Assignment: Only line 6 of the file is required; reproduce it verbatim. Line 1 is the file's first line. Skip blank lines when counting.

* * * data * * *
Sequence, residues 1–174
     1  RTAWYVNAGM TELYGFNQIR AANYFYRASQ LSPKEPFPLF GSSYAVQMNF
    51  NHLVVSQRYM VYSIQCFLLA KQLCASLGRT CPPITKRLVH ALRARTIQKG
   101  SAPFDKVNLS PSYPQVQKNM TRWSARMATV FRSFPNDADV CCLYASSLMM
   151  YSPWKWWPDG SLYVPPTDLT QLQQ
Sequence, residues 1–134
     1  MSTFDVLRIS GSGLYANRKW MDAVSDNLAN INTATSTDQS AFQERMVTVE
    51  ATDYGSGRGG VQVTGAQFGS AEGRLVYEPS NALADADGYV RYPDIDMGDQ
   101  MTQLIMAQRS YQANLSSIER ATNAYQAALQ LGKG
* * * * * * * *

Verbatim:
Sequence, residues 1–134